4. Explain the type of pacing you enjoy, e.g. slow building to fast, fast throughout, etc.

SMG: Again, it depends on the story. I’m partial to a slow build, but it better build to something. Very often we see good stories that are just too bloated. They’re 1,000 or more words longer than they ought to be. The longer it is, the better it ought to be. I appreciate compact, well-told flash fiction.

PRS: You need to grab me in the beginning — a strong image, quirky/beautiful language, a unique setting or culture, something original like that — and you need to have a strong ending. Too often, we get stuff that peters out. Not every story has to end unhappily or with a big twist, but spare me long epilogues. Which is not to say interesting things need not happen in the middle, just that I’m okay with non-standard story structure as long as you begin and end well and have worth-reading stuff in the middle.

I will warn you that, in addition to my being naturally more impatient than Silvia regarding pacing, I also read the story with an eye to the fact that I’ll be copy editing the thing very soon. And if that prospect fills me with dread, I won’t be going thumbs-up on your tale.

5. What types of characters appeal to you the most? Any examples?

SMG: Again, it depends. I don’t like reading about annoying characters. The teenage yuppies who are being chased by monsters is … ugh. I want compelling people that keep me reading. I’d like to see more regular people. We get a lot of rich and upper-class characters. Where are the people who work in the factories? They can also have interesting stories.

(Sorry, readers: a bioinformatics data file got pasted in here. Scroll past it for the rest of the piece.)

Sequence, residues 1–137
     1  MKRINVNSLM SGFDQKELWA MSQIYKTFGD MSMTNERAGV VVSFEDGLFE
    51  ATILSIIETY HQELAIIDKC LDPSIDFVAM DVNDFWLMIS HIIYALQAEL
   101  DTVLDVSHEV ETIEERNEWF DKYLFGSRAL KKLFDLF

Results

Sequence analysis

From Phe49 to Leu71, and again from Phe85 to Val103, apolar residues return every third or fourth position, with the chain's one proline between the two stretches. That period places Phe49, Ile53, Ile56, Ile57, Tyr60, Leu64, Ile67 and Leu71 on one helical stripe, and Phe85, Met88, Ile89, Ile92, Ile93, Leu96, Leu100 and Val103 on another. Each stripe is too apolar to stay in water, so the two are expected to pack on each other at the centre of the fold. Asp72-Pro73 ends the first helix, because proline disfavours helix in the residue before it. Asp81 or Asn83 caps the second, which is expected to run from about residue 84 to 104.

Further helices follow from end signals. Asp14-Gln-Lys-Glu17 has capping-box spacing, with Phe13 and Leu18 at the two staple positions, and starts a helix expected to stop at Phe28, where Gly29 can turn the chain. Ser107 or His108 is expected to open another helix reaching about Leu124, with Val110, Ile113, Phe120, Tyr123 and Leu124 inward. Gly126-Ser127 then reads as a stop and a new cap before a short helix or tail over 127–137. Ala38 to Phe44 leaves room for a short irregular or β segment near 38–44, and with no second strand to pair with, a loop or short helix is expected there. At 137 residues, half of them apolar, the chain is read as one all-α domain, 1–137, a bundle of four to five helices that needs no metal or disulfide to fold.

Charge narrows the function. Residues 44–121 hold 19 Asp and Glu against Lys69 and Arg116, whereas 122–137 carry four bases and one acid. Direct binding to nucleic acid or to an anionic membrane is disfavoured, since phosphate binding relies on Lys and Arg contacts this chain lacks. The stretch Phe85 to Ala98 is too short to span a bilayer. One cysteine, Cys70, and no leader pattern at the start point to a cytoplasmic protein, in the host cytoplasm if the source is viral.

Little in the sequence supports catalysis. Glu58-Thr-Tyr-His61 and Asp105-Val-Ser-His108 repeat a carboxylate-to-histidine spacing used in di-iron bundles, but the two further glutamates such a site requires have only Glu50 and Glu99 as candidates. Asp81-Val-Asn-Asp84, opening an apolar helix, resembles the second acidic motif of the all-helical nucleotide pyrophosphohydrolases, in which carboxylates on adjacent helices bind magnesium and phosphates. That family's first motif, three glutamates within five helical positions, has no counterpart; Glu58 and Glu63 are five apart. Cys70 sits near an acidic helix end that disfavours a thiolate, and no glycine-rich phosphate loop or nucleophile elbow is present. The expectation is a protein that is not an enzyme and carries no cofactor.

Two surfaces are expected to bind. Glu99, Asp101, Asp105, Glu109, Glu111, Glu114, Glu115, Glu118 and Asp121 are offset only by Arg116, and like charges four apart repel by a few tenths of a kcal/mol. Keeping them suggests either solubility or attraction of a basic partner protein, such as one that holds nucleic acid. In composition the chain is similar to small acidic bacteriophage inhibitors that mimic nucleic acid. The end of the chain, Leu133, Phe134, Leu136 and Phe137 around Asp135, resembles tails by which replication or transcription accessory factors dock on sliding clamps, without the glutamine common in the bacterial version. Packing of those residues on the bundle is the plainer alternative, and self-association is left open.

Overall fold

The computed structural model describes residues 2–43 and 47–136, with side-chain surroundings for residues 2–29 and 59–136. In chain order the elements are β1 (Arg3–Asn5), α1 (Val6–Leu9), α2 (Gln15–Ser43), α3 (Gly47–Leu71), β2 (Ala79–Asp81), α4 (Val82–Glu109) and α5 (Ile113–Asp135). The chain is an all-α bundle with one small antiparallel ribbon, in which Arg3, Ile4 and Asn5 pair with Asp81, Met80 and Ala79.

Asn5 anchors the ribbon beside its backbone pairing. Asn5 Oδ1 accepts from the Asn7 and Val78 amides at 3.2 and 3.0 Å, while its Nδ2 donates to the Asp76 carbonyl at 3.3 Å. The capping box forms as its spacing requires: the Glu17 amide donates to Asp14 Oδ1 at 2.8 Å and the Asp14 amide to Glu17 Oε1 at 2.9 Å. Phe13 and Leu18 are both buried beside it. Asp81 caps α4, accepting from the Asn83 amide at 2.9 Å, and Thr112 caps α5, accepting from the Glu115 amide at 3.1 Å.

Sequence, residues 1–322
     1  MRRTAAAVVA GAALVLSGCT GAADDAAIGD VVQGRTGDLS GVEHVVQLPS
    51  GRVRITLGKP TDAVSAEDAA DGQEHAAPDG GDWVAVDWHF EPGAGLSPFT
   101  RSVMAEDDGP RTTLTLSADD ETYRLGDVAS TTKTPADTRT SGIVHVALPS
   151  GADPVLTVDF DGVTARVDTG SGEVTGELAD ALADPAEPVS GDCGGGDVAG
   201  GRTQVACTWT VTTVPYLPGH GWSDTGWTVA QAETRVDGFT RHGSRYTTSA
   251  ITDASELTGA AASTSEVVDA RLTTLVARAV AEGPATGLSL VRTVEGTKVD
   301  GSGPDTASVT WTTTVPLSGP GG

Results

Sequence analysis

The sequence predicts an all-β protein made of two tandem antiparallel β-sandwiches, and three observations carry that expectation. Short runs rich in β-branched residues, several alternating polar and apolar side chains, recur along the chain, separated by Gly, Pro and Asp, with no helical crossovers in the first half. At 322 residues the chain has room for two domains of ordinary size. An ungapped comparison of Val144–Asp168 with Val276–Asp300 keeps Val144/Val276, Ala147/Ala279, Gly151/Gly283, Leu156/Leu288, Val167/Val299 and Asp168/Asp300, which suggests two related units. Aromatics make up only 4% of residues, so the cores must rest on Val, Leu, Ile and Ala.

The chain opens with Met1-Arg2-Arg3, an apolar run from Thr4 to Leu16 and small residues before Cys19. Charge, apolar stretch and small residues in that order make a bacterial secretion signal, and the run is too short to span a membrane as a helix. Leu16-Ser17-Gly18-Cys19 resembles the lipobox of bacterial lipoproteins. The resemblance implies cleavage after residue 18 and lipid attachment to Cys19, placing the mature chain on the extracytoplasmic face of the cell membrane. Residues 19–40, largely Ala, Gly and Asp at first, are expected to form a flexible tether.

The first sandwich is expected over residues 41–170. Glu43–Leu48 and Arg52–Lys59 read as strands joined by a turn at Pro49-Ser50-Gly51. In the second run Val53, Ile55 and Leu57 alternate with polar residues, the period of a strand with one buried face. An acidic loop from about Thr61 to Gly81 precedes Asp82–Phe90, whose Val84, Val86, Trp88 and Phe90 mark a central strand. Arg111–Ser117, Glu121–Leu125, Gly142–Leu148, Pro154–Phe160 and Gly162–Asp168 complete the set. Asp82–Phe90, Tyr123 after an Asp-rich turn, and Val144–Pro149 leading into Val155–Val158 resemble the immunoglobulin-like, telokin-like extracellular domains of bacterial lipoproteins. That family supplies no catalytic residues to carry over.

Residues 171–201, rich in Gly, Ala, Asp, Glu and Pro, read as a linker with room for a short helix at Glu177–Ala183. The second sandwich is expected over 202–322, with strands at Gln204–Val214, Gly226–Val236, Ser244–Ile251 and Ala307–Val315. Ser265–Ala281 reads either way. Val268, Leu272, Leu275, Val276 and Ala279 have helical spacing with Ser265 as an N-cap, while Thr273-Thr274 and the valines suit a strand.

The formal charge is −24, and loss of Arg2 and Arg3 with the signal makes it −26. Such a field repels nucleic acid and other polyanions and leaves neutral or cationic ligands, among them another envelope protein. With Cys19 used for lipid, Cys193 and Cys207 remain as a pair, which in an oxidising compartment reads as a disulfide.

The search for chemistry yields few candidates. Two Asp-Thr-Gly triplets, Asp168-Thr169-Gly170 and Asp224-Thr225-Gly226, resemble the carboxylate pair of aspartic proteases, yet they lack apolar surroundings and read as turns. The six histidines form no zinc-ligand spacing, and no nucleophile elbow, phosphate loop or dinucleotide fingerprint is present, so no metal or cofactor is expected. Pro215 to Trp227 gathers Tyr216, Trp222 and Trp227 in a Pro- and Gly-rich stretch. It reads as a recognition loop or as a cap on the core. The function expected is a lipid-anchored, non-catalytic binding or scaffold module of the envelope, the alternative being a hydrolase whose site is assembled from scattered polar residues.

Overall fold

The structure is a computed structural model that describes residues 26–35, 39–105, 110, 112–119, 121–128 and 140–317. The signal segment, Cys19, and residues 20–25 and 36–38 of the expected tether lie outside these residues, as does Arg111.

I’d be happy to see more heroic characters who do the right thing without being corny. Also, complex characters who are multi-faceted, smart and cunning without being total ass-hats.

PRS: Probably my favourite character type is the mentally disturbed protagonist who is dangerous to himself and others, but is sympathetic and active, even heroic, in dealing with the storyline while essentially cracking up. Delapore from “The Rats in the Walls,” Blake in “The Haunter of the Dark,” Vandaleur in “Fondly Fahrenheit,” Dean Winchester in Supernatural. Like that. However, you should avoid “weak” protags, especially if they’re female (Alyx in Picnic on Paradise, I want to see. “The Yellow Wallpaper, part 17,” no). Your protag should be an otherwise vivid, even strong, personality who has an excellent reason (or maybe 12) for losing his mind. No “I saw Cthulhu naked in the bathtub and it drove me insane” stories.